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How the love for music can benefit the environment

Publication Date: October 17, 2018

As you stroll to and from class at Rider, your favorite songs pulse through your earbuds and remedy your stress and anxiety. When you run on the treadmill in the Schimek Fitness Center, an intense rock track or energizing pop song fuels your drive to push yourself harder.

Now, we have every genre and style of music right at our fingertips. Our playlists have come to shape our lives, whether they are pre-made on Spotify or personalized by us. The music we listen to makes us who we are. Music expresses individuality and, from my experience, Rider students asserts their uniqueness unapologetically.

As an avid musician myself in many genres, it is difficult to ignore the impact music has had on my life. However, the sustainability of the music industry is an aspect that is vastly overlooked.

All orchestras, symphonies, jazz ensembles and other music groups are fluent in different styles of music, but they all have one thing in common — sheet music. The purchase of sheet music is a $1 billion industry in the United States alone, and around 5,000 organizations purchase new sheet music every year, according to Forbes. Sheet music is crucial for any musician in an ensemble since learning one of Beethoven’s overtures by ear is not an easy feat.

Nicole Rebovich, a sophomore marketing major, is a member of Rider University’s Courtside Band, as well as the Princeton-Rider Brass Band. Rebovich expressed her discontent with sheet music referring to the amount of music she prints for herself and others as “ridiculous and worrisome at times.”

Is there an alternative to this extensive use of paper? It may be possible to start viewing sheet music digitally, although it is not widely done.

Sheet music is not the only way that our favorite beats and rhythms affect our environment. Music production requires extensive resources, including instruments, audio mixers, amplifiers, microphones and countless other tools typically used in a studio. Once tools like these break down or are replaced by something better, they become electronic waste (e-waste). A study by the United Nations University found that only about 15.5 percent of e-waste gets recycled in 2014.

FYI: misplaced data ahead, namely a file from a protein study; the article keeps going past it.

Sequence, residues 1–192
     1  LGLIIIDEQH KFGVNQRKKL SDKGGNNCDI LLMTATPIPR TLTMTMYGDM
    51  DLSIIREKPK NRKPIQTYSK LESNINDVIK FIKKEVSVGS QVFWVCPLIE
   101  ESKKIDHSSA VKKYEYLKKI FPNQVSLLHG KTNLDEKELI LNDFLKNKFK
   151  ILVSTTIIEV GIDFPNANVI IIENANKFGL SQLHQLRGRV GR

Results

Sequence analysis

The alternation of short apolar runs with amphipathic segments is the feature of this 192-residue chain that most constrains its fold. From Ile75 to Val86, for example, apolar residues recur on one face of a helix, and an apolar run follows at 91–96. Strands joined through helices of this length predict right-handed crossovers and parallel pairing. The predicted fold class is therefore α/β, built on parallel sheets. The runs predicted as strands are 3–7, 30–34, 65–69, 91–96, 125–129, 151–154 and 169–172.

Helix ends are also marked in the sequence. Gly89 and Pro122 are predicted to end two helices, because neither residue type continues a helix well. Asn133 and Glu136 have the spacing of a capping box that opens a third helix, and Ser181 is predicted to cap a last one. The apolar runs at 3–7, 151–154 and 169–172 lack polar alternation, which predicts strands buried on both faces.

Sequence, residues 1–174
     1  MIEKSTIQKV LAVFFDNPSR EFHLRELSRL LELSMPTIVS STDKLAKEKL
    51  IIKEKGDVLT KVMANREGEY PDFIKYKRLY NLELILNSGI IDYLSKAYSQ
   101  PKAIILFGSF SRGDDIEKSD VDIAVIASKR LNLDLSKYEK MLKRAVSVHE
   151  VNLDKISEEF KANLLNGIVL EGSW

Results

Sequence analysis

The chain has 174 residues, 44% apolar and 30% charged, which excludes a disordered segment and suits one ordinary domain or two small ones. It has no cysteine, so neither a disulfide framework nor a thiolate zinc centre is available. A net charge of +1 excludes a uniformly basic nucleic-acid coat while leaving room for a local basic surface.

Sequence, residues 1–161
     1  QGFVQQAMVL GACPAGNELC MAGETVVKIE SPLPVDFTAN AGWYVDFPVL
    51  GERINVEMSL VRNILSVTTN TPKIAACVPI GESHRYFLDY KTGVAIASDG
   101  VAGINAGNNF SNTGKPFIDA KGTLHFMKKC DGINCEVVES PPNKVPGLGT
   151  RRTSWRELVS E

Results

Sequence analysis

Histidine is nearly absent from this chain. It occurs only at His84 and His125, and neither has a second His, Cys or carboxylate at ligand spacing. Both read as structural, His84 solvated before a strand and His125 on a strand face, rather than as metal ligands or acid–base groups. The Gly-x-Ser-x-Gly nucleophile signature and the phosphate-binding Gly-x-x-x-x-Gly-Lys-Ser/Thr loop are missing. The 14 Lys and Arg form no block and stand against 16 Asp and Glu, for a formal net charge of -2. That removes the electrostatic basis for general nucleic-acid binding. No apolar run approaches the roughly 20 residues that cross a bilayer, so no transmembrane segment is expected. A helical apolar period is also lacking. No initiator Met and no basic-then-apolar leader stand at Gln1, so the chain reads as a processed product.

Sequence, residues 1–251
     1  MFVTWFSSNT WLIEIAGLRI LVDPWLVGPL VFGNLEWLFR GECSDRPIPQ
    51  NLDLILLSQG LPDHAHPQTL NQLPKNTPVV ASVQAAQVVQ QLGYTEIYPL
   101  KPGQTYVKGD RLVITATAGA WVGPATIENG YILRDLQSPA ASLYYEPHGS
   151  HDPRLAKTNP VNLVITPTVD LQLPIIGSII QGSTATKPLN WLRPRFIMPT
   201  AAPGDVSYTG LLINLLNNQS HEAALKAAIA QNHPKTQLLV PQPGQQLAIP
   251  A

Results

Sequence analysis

However, one of the most widely known impacts of the music industry is the colossal carbon footprint it inflicts. It may be difficult to connect the two at first, but it is actually quite simple. When artists go on tour or perform at festivals, these spectacles require extensive resources. Transportation, one of the largest contributors of carbon dioxide, is necessary not only for the artist performing, but for equipment, the band members and most of all, the fans. Nevertheless, not all hope is lost.

Musicians around the world are making strides to reduce their carbon footprint and strive to offset the carbon emissions produced by their shows. Certain venues like the Greek Theater at the University of California, Berkeley had committed to offset the carbon emissions for the entire concert season, thanks to a partnership with Clif Bar, an American company that produces organic foods and drinks.

According to, their purchase of renewable wind energy credits was “equivalent to offsetting 88 tons of carbon dioxide emissions, or the amount of carbon dioxide created by 176,000 miles of car travel.”

It may have seemed like being sustainable in this industry was near impossible, but this has been proven untrue. Our upcoming green film, Landfill Harmonic, shines a spotlight on a Paraguayan group called the Recycled Orchestra of Cateura that demonstrates sustainability in a powerful and unique way.

Unable to afford traditional orchestral instruments, this group forges an entire ensemble of instruments from the garbage that floods their community. Favio Chavez, the director of the orchestra, not only devised a way to reduce waste, but used it to cultivate his students’ love for music.

It is not just in Paraguay that people are repurposing garbage for music. Kory Koch, a junior popular music studies major said he “made a set of chimes out of an old pipe left over from a shower curtain”.

The popular art form of Recycled Orchestra is more prevalent in today’s society than ever, acting as not just a skill or profession but as an outlet for the stresses we face every day as students and as human beings. Our stress relief shouldn’t have to come at the cost of the stress of our planet.

Alina Bardaji

Rider Eco-Rep

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